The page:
Best of AustinFeatures

Top 10 Music Videos Shot in Austin

#10 Spoon – Jealousy

Unsurprisingly, we’ll start things off with a local artist Spoon, and Britt Daniel’s tale of, well, jealousy. At first the video begins with a close up of his mouth, which seems will be what the entire video will consist of until the camera pans up, showing Daniel singing along in a depressed state with a Lonestar beer close by.

Later, the shot moves out even further to see Daniel lying on the dirty floor of a bathroom next to drummer Jim Eno in a comatose state. The song isn’t one many Spoon fans are familiar with, coming out before they had any popularity, but it’s a great one. It was shot locally in the bathroom of Hole in the Wall.

#9 Willie Nelson & Merle Haggard – Pancho & Lefty

Pancho & Lefty was originally written by Townes Van Zandt for his 1972 album, The Late Great Townes Van Zandt, but hit #1 on the country charts when Willie Nelson and Merle Haggard covered it in 1983. The video shows a dry Texas Hill Country, but more importantly, it has scenes of the infamous Hotel Alamo, located at 6th and Guadalupe shortly before it closed.  Hotel Alamo featured a bar and lounge home to the outlaw country movement with Jimmie Dale Gilmore, Joe Ely, Robert Earl Keen, Lucinda Williams, Townes Van Zandt (featured in the video), and more. LBJ’s brother used to live there, and it featured an underground “massage parlor.”

The Alamo Hotel at 6th and Guadalupe is also featured in our #1 movie. If you haven’t seen the Townes Van Zandt documentary Be Here to Love Me, by Austin film make Margaret Brown it is a must.

#8 Ringo Deathstarr – Two Girls

Shoegaze is sexy in Ringo Deathstarr’s “Two Girls” with lingerie, masks, and punk rock t-shirts. An out of focus homemade quality to the party give it a much more realistic feel.

#7 …And You Will Know Us by the Trail of Dead – Catatonic

Trail of Dead bring back the punk rock with “Catatonic,” in a video that satires a politician that seems to resemble Governor Rick Perry (or many other politicians) with band co-founder Jason Reece playing the lead role shaking hands, giving speeches, getting drunk, doing some blow, a tryst in a bathroom, buying bongs, waving flags, visiting strip clubs, punching a guy in the face, and ultimately ending up homeless.

So being a politician is a lot like playing rock and roll, apparently.

Austin’s landscape marks the video throughout shots ranging from downtown, the capital, the drag, and more.

#6 Megafauna – Haunted Factory

Megafauna’s “Haunted Factory” showcases a dance co-choreographed by guitarist/vocalist Dani Neff with the right amount of madness and explosive rock and roll shot at the Austin State Hospital, the oldest psychiatric hospital in Texas. Over 20 hours of dancing went into the creation of the music video.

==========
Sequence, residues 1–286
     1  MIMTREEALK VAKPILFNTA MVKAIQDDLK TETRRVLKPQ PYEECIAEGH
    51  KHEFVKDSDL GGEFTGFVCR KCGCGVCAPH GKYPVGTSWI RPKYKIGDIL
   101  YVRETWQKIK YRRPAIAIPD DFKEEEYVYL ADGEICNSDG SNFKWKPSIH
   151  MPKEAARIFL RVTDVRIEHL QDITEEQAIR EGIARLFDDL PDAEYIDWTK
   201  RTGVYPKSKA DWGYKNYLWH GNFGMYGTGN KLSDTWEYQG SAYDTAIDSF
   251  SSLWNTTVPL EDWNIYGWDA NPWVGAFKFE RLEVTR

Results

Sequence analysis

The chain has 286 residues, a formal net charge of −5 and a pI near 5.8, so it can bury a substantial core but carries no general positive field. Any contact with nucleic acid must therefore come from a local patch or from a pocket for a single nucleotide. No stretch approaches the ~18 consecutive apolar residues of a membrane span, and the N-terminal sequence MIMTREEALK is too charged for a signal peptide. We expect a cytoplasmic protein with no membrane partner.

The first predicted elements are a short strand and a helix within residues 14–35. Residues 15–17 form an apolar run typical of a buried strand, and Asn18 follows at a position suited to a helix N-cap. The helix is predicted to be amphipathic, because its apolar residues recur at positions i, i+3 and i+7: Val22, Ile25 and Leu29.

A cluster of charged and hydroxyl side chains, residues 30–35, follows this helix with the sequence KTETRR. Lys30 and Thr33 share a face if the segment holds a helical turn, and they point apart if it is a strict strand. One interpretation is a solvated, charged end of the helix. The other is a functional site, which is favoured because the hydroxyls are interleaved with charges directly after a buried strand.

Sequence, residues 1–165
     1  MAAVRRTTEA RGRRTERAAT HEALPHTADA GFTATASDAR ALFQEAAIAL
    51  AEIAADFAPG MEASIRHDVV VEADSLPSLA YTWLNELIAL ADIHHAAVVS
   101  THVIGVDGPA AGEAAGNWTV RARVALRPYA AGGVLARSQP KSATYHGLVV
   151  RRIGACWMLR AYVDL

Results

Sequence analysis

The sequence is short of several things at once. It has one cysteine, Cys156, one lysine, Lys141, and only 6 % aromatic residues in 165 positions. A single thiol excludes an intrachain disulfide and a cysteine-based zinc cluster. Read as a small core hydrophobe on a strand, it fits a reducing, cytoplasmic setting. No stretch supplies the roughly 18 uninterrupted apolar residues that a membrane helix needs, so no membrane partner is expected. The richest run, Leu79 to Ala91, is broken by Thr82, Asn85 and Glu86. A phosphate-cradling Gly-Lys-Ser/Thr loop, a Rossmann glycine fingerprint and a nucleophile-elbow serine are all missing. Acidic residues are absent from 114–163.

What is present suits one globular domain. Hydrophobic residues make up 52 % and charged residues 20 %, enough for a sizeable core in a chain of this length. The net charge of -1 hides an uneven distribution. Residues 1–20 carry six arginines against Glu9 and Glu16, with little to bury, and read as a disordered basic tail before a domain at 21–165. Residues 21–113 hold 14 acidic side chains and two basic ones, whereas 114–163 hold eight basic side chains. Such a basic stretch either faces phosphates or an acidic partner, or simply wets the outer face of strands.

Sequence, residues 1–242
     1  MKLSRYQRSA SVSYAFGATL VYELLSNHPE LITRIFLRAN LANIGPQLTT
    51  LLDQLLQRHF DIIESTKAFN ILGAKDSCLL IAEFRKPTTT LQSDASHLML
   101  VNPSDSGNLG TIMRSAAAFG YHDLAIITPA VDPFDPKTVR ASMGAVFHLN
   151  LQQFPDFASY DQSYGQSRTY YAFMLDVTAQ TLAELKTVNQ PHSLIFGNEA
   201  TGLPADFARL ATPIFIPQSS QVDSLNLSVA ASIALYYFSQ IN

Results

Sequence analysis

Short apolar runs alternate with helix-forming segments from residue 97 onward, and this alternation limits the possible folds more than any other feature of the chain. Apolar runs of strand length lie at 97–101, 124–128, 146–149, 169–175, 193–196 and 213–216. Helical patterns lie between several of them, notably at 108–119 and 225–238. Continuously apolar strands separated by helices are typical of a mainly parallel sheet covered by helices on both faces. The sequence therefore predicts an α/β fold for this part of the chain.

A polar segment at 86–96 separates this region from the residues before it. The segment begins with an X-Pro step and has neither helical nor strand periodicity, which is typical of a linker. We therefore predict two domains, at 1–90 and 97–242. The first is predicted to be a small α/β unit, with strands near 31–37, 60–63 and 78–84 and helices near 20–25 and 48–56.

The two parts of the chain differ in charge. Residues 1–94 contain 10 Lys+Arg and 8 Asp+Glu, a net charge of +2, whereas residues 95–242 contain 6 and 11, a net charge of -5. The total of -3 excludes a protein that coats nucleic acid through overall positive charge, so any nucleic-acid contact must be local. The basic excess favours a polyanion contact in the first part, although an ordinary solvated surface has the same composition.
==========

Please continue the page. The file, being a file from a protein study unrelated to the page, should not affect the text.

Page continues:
#5 – Quiet Company – The Emasculated Man and the City That Swallowed Him

Quiet Company go all Office Space on the printer to a piano which then is re-built into a city in their video for The Emasculated Man and the City that Swalled Him by Justin Kirchhoff at Digital Shakedown.

#4 Spoon – The Underdog

The one shot take of Spoon’s, “The Underdog” is the highlight of this video and the second from the band on the list. The unbroken steadicam shot is chock full of Austin cameos. The music video seems to follow two characters starting with Jason Reece’s Trail of Dead and Hunter Darby as the engineer while coming back to Spoon, a mariachi group, in an Austin, Texas recording studio.

#3 Arcade Fire – The Suburbs

The album and song “The Suburbs” documents Win and William Butler’s upbringing in The Woodlands, Texas, a suburb of Houston. The album might have been about their lives in Houston, but the music video was directed by Spike Jonze following a group of teenagers living in the suburbs which takes a much darker tone, reflecting the ominous if beautiful vibe of the song.

#2 The Clash – Rock the Casbah

It’s hard to believe in this day and age, but The Clash’s “Rock the Casbah” reached #8 on the Hot 100 Billboard chart in the US (the radio where basically you can hear nothing but sleek hip-hop and pop), and the music video was shot around Austin. The music video was “low budget” and depicts an Arab and Hasidic Jew befriending each other, drinking the Texas classic Dr. Pepper, going to a concert at Austin’s former City Coliseum following a friendly armadillo, and interspersed with the band playing in front of an oil well.

Two RF-4C aircraft landing at Bergstrom Air Force Base (near Austin) from the east are featured in the portion of the video with the lyrics “the King called out his jetfighters…”

#1 Explosions in the Sky – Postcard From 1952

Directing duo Peter Simonite and Annie Gunn did the video “Postcard From 1952,” which perfectly encapsulates everything that’s great about Explosions in the Sky. They have always been a cinematic band making something beautiful out of just guitar, bass, and drums, and the video is shot beautifully to capture that. Moving in slow motion, capturing nostalgia for the time period perfectly with a white picket fence, kids, mom at home until it turns into loud, melodic, chaos and climax that is their signature.

Peter Simonite was 2nd unite cinematographer on Terrence Malick’s Brad Pitt starring film, “The Tree of Life,” also shot in Austin and central Texas.

Postcard From 1952 from Explosions in the Sky on Vimeo.

Scott Smith

Scott Smith